An Iranian-owned oil tanker was hit by two missiles in the Red Sea off Saudi Arabia’s coast on Friday, Iranian media and officials reported, stoking tension in a region that has faced a series of attacks on crude ships and oil facilities since May.
The Sabiti, which was set ablaze, suffered heavy damage and leaked oil after it was struck in the morning about 60 miles (96 km) from the Saudi port of Jeddah, Iranian media reported. State-run IRNA agency said the leak was under control.
The incident, which has yet to be independently confirmed, is the latest involving oil tankers in the Red Sea and Gulf region and is likely to ratchet up tensions between Tehran and Riyadh, long-time regional foes that have been fighting a proxy war in Yemen, which lies at the southern end of the Red Sea.
National Iranian Oil Company (NIOC), which owns the vessel, said in a statement the ship was hit by two missiles but also denied a report that they had come from Saudi Arabia. Iran’s Foreign Ministry also said the ship was struck twice.
The Red Sea is a major global shipping route for oil and other trade, linking the Indian Ocean with the Mediterranean via the Suez Canal. Crude prices jumped on the news and industry sources said it could drive up already high shipping costs.
There was no claim of responsibility for Friday’s reported incident, which follows attacks on tankers in the Gulf in May and June, as well as strikes on Saudi oil sites in September.
The United States, embroiled in a row with Tehran over its nuclear plans, has blamed on Iran for those incidents. Tehran has denied having a role in any of the attacks since May.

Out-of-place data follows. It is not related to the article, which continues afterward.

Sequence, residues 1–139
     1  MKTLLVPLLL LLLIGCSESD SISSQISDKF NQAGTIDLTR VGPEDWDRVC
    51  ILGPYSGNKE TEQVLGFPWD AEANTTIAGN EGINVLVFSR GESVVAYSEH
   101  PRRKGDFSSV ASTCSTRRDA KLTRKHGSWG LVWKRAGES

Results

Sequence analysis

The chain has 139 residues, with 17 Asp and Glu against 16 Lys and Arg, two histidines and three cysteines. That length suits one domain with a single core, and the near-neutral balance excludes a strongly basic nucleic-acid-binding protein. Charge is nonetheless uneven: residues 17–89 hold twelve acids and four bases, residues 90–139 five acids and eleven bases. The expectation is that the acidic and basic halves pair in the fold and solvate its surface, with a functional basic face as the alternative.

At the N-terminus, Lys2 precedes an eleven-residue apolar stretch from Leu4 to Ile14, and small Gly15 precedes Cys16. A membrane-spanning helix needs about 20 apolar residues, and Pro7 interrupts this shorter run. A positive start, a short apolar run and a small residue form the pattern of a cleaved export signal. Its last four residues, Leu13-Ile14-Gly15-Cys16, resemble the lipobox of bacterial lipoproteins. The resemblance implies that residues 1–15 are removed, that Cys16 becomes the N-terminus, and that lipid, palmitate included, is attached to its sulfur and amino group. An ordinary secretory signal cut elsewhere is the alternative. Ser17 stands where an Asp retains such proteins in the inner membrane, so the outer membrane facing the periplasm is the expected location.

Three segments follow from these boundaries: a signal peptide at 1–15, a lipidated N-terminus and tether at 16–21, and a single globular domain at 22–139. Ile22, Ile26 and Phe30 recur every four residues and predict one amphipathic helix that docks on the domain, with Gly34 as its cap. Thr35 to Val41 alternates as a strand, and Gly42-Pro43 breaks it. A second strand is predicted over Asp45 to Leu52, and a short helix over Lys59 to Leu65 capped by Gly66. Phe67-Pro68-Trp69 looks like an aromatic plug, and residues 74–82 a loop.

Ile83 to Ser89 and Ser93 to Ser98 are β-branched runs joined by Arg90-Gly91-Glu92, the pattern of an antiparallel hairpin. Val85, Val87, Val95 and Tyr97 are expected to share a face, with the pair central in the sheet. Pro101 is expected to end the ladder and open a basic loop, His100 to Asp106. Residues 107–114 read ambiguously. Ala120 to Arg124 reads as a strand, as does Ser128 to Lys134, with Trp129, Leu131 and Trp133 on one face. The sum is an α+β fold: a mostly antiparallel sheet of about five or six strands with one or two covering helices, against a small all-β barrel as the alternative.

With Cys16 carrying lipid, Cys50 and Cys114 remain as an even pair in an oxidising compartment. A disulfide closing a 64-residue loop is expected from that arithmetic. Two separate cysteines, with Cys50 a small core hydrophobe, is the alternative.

Saudi Arabia had no immediate comment on Friday’s reports. The U.S. Navy’s Fifth Fleet, which operates in the region, said it was aware of the reports but had no further information.
NIOC named the ship as the Sabiti, a Suezmax vessel, after initial reports said it was the Sinopa. Refinitiv ship tracking data showed the Sabiti in the Red Sea and heading south under its own power, bound for Larak, off Iran’s southern Gulf coast.
The data put the vessel’s draft, or how deeply it sits in the water, at 53%, indicating it is not fully loaded.
Tensions with the United States have been running high since Washington withdrew from a deal between world powers and Iran that aimed to rein in Tehran’s nuclear ambitions. U.S. sanctions have slashed Iranian oil exports, on which Tehran relies.
Russia said it was too early to assign blame for the tanker explosion. China, the top buyer of Iranian oil, said it hoped all parties would work to uphold peace and stability in the region.
Iran’s ISNA news agency cited a source saying the Iranian tanker was struck in a “terrorist” attack. Iran’s state television reported that two of the ship’s tanks were damaged.
Iran’s Nour news agency, which is close to the Iranian Revolutionary Guard Corps, said the ship’s crew was safe.
Oil prices climbed 2% after reports of the tanker explosion, with benchmark Brent and U.S. West Texas Intermediate crude futures both rising more than $1 a barrel. Brent was trading around $60 a barrel on Friday. [O/R]
Oil prices had eased after spiking above $70 in response to the Sept. 14 attacks on Saudi oil sites, which shut down 5.7 million barrels per day (bpd) of production, about half of Saudi output and roughly 5% of global supply. Output has since been restored.
Yemen’s Iran-aligned Houthi group claimed responsibility for those attacks, but a U.S. official said they originated from southwestern Iran.
Industry sources said Friday’s incident off the Saudi coast could drive up shipping costs, which have already surged.
“War risk insurance premiums for the Red Sea will now likely go up significantly, as will likely the freight (rates),” said Ashok Sharma, managing director of shipbroker BRS Baxi in Singapore.
Tanker rates have soared to multi-year highs in recent weeks after U.S. sanctions on units of Chinese shipping giant COSCO and after the Saudi attacks.
Disruption to shipping through Red Sea would affect oil passing through the Suez Canal or SUMED crude pipeline, which has capacity for 2.34 million bpd and which runs parallel to the canal. It is used by tankers that cannot navigate the waterway.